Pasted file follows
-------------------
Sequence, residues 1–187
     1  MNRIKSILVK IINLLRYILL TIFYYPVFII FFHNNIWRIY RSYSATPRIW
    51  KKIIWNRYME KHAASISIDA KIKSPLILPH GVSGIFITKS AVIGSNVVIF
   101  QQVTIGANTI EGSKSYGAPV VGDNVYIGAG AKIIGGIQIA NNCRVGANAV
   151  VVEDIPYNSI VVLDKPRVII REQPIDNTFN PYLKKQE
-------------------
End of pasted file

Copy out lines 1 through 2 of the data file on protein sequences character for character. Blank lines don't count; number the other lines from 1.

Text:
Sequence, residues 1–187
     1  MNRIKSILVK IINLLRYILL TIFYYPVFII FFHNNIWRIY RSYSATPRIW